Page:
Benchmarks Of The Open-Source Intel/AMD/NVIDIA Drivers, 11 Years On
Written by Michael Larabel in Display Drivers on 5 June 2015. Page 1 of 5. 9 Comments

In celebrating 11 years since starting Phoronix to cover the Linux hardware scene, here's some fresh benchmarks of the open-source Intel / AMD / NVIDIA Linux graphics drivers. Various GPUs were tested atop Ubuntu when moving to Git with the Linux 4.1 kernel, Mesa 10.7-devel, and LLVM 3.7 SVN.

Similar to the article earlier this week comparing many AMD/NVIDIA graphics cards with the latest proprietary drivers, the Phoronix birthday article today is looking at the performance of various graphics cards on the very latest open-source driver code. In the days ahead I'll have another historical look at the open-source Linux graphics drivers over the past many years as another Phoronix birthday special.

This article isn't as large as the proprietary driver comparison article earlier this week for a few reasons: various issues encountered with the open-source NVIDIA (Nouveau) driver comparison; the GeForce GTX 900 series don't yet have working open-source hardware acceleration; the Radeon R9 285 Tonga wasn't tested due to not testing the new AMDGPU driver support since that driver isn't landing until Linux 4.2 and requires branched versions of Mesa/DRM. The AMDGPU Linux testing will come in a separate article.

On the Intel side for testing was the Intel HD Graphics 4600 from the Core i7 4790K Haswell CPU used for testing. The tested AMD hardware was the Radeon HD 6570, HD 6870, HD 6950, HD 7950, and R9 290 based on available hardware. The Radeon HD 7850 and R9 270X had to be left out since they ran into mode-setting issues on this system with the current driver. The tested NVIDIA hardware was the GeForce GTX 650, GTX 680, GTX 750, GTX 760, and GTX 780 Ti. Some of the Nouveau issues encountered include:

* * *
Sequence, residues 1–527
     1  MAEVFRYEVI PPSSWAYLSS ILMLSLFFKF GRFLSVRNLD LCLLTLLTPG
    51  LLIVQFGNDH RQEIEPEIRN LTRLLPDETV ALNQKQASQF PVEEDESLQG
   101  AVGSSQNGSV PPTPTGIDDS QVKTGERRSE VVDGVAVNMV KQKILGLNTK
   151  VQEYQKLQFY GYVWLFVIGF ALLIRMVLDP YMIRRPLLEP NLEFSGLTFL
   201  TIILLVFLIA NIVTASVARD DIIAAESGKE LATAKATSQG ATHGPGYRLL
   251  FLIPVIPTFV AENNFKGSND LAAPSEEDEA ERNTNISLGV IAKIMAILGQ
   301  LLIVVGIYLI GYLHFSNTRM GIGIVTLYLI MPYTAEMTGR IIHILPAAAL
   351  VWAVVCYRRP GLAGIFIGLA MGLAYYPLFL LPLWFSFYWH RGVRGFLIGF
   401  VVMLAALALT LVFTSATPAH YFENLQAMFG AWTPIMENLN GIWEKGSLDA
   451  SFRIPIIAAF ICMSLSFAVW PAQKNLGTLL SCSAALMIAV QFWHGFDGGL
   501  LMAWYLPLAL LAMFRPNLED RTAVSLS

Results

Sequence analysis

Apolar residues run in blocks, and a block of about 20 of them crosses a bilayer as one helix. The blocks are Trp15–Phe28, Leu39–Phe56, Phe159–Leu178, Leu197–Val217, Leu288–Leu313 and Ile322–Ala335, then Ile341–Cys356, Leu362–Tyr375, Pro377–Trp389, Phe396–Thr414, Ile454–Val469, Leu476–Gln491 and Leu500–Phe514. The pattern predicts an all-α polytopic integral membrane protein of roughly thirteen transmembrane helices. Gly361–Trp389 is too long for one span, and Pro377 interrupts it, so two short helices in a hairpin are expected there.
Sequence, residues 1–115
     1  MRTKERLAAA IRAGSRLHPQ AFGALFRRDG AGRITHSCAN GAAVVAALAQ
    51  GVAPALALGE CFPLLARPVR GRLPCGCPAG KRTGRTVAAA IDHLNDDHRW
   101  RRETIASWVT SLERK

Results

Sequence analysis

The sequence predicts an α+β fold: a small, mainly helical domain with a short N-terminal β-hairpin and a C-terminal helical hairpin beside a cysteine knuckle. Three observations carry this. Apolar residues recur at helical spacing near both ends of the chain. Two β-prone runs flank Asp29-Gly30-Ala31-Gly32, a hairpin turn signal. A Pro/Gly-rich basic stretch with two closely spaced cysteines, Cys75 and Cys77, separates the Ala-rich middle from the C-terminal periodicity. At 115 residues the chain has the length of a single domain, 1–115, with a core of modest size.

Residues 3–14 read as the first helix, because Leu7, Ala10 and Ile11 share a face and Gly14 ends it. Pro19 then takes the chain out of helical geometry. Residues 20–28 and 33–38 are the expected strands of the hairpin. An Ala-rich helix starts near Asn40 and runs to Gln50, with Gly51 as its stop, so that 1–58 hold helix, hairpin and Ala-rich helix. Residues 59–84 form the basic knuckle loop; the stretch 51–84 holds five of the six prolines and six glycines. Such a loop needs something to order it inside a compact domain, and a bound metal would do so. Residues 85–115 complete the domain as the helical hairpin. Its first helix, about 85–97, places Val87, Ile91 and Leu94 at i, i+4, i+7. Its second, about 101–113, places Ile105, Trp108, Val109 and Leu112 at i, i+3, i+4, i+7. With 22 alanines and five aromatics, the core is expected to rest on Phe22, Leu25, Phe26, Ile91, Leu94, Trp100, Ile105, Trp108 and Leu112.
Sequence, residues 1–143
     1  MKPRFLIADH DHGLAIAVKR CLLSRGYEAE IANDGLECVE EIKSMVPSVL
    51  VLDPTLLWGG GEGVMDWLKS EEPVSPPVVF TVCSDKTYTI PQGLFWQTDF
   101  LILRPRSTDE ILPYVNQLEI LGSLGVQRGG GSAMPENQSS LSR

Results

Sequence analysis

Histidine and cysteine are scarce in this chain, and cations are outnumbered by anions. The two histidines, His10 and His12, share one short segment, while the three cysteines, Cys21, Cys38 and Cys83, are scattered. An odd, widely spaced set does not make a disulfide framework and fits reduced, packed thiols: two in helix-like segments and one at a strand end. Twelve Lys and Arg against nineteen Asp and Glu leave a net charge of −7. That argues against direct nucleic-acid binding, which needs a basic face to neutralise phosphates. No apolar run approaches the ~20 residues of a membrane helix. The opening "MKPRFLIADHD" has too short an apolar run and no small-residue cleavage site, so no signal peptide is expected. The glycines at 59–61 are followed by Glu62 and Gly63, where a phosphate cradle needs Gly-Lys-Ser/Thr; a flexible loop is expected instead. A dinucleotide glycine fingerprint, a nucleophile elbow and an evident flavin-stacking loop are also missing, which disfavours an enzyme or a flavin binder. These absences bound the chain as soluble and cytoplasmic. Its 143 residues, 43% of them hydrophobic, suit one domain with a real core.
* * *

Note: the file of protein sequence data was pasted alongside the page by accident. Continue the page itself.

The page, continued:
On Nouveau with some of the NVIDIA graphics cards, they would hang at the Xonotic loading screen...

Some other NVIDIA GPUs with Nouveau made it into running Xonotic, but would hang later on in the game benchmark. However, some of the GPUs on Nouveau managed to run the entire benchmark test without failure.

While Nouveau has working hardware acceleration for the GeForce GTX 750 series finally, there remains some odd text corruption issues for the Maxwell hardware on this reverse-engineered driver.

With Mesa 10.7-devel, all of the GPUs tested on Nouveau NVC0 Gallium3D encountered the window borders/decorations not rendering correctly under Unity 7 + Compiz on Ubuntu 15.04.

One of the biggest limitations of Nouveau remains and that's the lack of proper re-clocking support. In today's testing, I attempted to re-clock the graphics cards that support it with Nouveau, but most of the time they couldn't be statically re-clocked to their highest performance state. Most Kepler GPUs can be re-clocked to the mid-level (0a) but would lock-up and produce artifacts as illustrated above when attempting to hit the highest performance state for the video memory. Of the GPUs tested, only the GeForce GTX 650 was able to hit the 0f (highest) state and run without failing. Nouveau developers have been working on re-clocking for years but it's an incredibly large task without support or technical documentation from Nouveau. It seems unlikely that this year the feature will be accomplished, especially for seeing any dynamic re-clocking out-of-the-box.


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